August 4th, 2011
01:16 PM ET
(CNN)–America is not ready for a Mormon president, according to Christian author Tricia Erickson. On Wednesday she told CNN's Tom Foreman on In the Arena that she believes a practicing Mormon should not be president because of their theological views on the afterlife and governance.
CNN Belief Blog Co-Editor Eric Marrapodi jumped into the fray on the topic with Foreman as well. He said while religious views shape Mormon politicians on a macro level, there is no evidence Mormon politicians have a "bat phone" to Utah and take orders from the leadership of the Church of Jesus Christ of Latter-day Saints, as the church is formally known.
While the U.S. Constitution says "no religious Test shall ever be required as a Qualification to any Office or public Trust under the United States," Republican candidates for the White House Mitt Romney and John Huntsman – who are both Mormons – may have more ground to make up on this issue than previously thought.
Erickson, an ex-Mormon who has long been critical of the church, is not alone in her views.
A June poll by the Quinnipiac Poll found 36% of Americans would be somewhat or entirely uncomfortable with a Mormon president.
A June Gallup poll found 22% of Americans would not vote for an otherwise qualified Mormon candidate.
There may be a silver lining for Mormon candidates though. A July poll by the Public Research Research Institute and Religion News Service, found four of ten Americans know that the Republican presidential candidate Mitt Romney is a Mormon and about half (46%) said they do not know his religious affiliation.
Of the 3,000,000 people who live in Iowa there are only 24,000 LDS members, according to the Deseret News' 2011 Church Almanac. The Deseret News is owned by the Church of Jesus Christ and Latter Day Saints, but is independently operated. The percentage breakdown of Mormons living in South Carolina is similar too.
With so few practicing Mormons in those early primary states, voters with questions about the tenets of Mormonism may not have many places to turn to ask impolite questions about the faith, allowing rumors and speculation to go unchallenged.
This year the church has gone on a PR blitz with its campaign, "I'm a Mormon." It's goal is to break Mormon stereotypes and features a diverse group church members like a motorcycle builder, an African American couple, and Latinos. They bought an electronic billboard in Times Square just down the street from the Broadway Show the "Book of Mormon.” The satirical musical features the adventures of buttoned up and earnest white Mormon missionaries in Africa.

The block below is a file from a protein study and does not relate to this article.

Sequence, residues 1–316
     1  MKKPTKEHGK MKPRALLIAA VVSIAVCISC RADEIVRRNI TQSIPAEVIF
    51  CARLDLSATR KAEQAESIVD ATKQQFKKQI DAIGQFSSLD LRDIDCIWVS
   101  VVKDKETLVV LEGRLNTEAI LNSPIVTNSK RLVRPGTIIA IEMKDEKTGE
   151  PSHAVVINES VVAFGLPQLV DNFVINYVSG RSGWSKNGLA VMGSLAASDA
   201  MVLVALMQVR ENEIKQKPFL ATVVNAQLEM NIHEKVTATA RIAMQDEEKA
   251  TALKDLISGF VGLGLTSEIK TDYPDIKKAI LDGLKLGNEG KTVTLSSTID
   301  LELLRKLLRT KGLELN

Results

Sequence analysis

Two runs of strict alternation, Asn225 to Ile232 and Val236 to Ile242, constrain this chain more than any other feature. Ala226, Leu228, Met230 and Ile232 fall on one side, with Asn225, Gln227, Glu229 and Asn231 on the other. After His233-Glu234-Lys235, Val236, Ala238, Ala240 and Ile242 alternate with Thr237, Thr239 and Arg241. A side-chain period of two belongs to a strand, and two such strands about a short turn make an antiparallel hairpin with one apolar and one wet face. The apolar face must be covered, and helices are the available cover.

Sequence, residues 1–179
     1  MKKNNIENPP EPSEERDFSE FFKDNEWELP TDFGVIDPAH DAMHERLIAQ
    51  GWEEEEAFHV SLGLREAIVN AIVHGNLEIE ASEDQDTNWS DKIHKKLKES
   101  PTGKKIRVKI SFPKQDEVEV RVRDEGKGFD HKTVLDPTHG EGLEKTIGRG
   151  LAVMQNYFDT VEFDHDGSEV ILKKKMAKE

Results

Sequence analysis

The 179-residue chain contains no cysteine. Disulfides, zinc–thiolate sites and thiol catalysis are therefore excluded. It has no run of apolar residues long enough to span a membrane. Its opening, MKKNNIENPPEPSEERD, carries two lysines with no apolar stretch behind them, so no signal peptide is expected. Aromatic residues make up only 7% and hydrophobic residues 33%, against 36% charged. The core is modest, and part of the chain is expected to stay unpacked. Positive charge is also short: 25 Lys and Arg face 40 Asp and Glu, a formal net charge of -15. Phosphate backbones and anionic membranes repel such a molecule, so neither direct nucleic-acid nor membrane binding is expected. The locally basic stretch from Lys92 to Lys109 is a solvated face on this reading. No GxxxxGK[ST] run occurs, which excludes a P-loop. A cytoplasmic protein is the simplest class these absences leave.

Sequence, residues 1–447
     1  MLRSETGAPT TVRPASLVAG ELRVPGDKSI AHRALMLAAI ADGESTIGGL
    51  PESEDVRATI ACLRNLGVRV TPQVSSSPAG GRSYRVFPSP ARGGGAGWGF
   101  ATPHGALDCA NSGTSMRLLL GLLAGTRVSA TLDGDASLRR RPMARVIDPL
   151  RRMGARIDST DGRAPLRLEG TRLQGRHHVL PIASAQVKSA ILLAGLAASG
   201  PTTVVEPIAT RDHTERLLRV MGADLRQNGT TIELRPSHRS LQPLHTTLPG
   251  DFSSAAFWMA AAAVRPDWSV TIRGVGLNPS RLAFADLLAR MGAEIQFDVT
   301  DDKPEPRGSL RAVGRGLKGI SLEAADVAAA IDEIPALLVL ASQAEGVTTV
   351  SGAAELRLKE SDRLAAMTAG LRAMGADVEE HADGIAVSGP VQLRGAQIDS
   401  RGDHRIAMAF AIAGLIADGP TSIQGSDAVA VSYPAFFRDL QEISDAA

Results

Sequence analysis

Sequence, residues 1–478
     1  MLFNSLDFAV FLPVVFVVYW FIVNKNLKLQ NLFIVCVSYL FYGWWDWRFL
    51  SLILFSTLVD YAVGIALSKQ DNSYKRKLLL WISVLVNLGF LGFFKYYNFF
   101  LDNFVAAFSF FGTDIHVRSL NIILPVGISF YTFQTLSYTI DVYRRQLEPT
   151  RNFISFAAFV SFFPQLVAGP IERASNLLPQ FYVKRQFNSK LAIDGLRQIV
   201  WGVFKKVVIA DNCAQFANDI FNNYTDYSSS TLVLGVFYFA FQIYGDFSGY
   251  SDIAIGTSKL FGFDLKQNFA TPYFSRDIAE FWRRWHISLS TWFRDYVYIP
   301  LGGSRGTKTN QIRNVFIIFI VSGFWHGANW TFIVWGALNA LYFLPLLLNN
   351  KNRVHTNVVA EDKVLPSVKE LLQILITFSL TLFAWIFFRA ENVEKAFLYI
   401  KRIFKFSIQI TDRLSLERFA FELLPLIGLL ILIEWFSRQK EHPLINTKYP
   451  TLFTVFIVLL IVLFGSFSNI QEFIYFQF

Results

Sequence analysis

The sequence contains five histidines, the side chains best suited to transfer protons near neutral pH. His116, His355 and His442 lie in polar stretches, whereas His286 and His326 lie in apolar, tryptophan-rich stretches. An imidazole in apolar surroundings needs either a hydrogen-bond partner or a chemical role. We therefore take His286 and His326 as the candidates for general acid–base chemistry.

"Our Church is known for our efforts to share our message,” Richard G. Hinckley, Executive Director of the Missionary Department for the Church of Jesus Christ of Latter-day Saints, told the Belief Blog when the ad went up. “This is one way to get to know us — through the lives of members of The Church of Jesus Christ of Latter-day Saints.”
The campaign is set to expand to more cities this fall but The Wall Street Journal reported on Wednesday the church would not be buying ads in primary states to avoid the appearance of political meddling. "We know people will draw the wrong conclusions," Michael Otterson a church spokesman told the Journal.
We want to hear from you.
What do you think? Does a candidate's religion play into your decision to vote for them? What matters more to you policy or theology?
About this blog
The CNN Belief Blog covers the faith angles of the day's biggest stories, from breaking news to politics to entertainment, fostering a global conversation about the role of religion and belief in readers' lives. It's edited by CNN's Daniel Burke and Eric Marrapodi with daily contributions from CNN's worldwide newsgathering team and frequent posts from religion scholar and author Stephen Prothero.